I would not be concerned about a heart rate of 91. Anything under 100 is just fine. No doubt anxiety about the change in medication and your readings were part of the increase in rate.


We want blood pressure to be under 120/80, so the options were increasing the atenolol from 50 to 100 mg per day, or switching to a non-selective beta blocker like labetalol, or adding a second drug to your atenolol, which would be an increased expense.


If you aren't having symptoms of lightheadedness, dizziness or fainting, there is nothing to be concerned about. If you are lightheaded, it is best to be very careful when you first sit up or stand up. Dangle your feet over the side of the bed for a second or two before getting up.


It isn't going to hurt you one way or the other whether you choose to take the atenolol or labetalol over the weekend. I would speak with your regular cardiologist or his nurse on Monday to discuss your concerns.


All the best,




Customer: replied 3 years ago.

Hi: Thank you! Just so I get it: I took 100 mg of labetalol at 8:00 p.m. last Thursday. In 4 hours my numbers went from 183/85 to 123/67. When I woke up Friday morning my pressure upon arising and going to the kitchen (where the dreaded BP monitor sits waiting for me on the kitchen table) was 145/73. If I took the same dose of labetolol at that time, you are saying that my blood pressure would not fall 60 more points systolic, giving me an SBP of 85? That is question #1. I have one more question, which would be: If I take it tonight after not having taken it since thursday, if my pressure is 166 systolic, is it going to drop within 4 hours to 106? i.e., is it always going to drop that specific number of 60 points everytime I take for the first time? And then the next time I take it 12 hours later, will it just return me to the lowest number it went to when I took it for the previous dose. Thank you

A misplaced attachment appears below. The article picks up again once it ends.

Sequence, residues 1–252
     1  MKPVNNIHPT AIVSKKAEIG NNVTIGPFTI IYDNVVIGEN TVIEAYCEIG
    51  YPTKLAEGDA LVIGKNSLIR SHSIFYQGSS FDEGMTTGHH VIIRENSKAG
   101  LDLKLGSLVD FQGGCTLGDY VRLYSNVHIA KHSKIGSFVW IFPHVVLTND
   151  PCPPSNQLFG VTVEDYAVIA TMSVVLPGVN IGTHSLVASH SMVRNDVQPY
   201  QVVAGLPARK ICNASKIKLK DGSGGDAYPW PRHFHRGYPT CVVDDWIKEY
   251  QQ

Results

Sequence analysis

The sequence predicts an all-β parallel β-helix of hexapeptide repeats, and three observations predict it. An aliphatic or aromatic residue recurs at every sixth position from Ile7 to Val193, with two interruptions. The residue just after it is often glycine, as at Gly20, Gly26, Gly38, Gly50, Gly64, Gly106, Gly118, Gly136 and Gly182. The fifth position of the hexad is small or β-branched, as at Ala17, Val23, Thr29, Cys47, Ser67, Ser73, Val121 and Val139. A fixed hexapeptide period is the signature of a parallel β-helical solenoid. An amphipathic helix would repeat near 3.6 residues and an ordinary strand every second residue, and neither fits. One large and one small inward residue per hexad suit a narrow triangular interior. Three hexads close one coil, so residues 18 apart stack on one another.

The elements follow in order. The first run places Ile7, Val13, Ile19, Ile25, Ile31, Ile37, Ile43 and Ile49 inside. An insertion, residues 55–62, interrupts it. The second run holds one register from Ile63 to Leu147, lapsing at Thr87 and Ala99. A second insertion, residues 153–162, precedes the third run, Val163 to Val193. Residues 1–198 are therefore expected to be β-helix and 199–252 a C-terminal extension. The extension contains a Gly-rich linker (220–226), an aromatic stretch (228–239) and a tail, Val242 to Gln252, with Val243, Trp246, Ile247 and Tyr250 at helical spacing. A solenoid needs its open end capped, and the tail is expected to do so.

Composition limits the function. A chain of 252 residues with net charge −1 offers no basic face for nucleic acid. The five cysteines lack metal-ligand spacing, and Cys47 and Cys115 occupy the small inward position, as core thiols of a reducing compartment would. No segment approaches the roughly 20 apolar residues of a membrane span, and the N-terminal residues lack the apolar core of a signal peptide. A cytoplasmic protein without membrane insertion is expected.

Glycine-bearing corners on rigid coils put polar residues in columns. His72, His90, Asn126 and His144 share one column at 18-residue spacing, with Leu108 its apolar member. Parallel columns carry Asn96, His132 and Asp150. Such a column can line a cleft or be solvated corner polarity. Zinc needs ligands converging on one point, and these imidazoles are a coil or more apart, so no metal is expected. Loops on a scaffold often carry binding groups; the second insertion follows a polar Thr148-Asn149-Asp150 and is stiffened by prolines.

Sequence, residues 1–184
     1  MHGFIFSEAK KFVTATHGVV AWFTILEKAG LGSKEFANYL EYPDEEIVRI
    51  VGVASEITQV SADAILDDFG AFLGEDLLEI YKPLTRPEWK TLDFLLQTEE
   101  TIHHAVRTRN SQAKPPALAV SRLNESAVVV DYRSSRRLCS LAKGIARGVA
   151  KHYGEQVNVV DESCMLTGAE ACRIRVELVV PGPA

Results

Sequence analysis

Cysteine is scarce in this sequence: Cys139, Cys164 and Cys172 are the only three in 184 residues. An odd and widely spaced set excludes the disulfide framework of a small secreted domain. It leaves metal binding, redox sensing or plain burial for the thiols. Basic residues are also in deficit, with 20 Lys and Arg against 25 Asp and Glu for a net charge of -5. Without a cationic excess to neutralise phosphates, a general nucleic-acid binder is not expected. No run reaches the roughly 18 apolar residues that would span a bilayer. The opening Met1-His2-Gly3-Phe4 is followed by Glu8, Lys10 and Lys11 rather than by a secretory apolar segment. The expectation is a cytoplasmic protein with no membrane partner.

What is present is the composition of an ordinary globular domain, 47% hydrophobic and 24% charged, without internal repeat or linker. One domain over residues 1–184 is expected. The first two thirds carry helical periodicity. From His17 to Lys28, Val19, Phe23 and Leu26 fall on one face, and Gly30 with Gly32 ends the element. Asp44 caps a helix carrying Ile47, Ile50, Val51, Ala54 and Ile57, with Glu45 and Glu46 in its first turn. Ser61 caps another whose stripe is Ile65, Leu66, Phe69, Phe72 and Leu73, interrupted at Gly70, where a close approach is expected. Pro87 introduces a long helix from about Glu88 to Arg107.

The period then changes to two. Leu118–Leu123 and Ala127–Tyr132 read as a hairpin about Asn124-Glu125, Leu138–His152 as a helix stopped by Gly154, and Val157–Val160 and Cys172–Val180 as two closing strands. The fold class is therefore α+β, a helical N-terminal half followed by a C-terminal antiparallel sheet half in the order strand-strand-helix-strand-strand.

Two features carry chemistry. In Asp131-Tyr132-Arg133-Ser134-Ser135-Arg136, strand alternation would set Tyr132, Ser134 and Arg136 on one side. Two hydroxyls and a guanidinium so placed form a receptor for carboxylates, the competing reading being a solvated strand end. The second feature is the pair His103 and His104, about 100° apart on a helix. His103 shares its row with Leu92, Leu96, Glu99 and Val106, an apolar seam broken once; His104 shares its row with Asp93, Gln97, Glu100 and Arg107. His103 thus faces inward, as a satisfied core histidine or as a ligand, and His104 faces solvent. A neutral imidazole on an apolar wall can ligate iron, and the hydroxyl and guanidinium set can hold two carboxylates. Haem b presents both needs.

Customer: replied 3 years ago.

Hi: I sent you a reply--did you get it?

Sorry, I was called away for a while.

No, your blood pressure would not fall from 145/73 to 85/54 with the second dose or to 25/35 with the next dose any more than it did when you first started taking the atenolol.

Question 2: No. It is unlikely to drop exactly 60 mm each time you take a dose.

However, if you took atenolol this morning, you should wait until tomorrow morning to take labetalol again. Atenolol has a longer time of action, so you would be taking labetalol while you still have the effects of atenolol aboard.

If you wait until tomorrow morning, you would take the 100 mg and then take the other 100 mg 12 hours later.

Most people won't feel any symptoms of low blood pressure until it is quite low, and that is fine. There are a lot of perfectly healthy people walking around with blood pressure of 85/45 with no dizziness or lightheadedness. That is normal for them.

Likewise, for heart rate, normal is 60-100 beats per minute, which is not to say that some people aren't slower or faster than others and are still perfectly healthy.

Please let me know if you need more answers.

Best regards,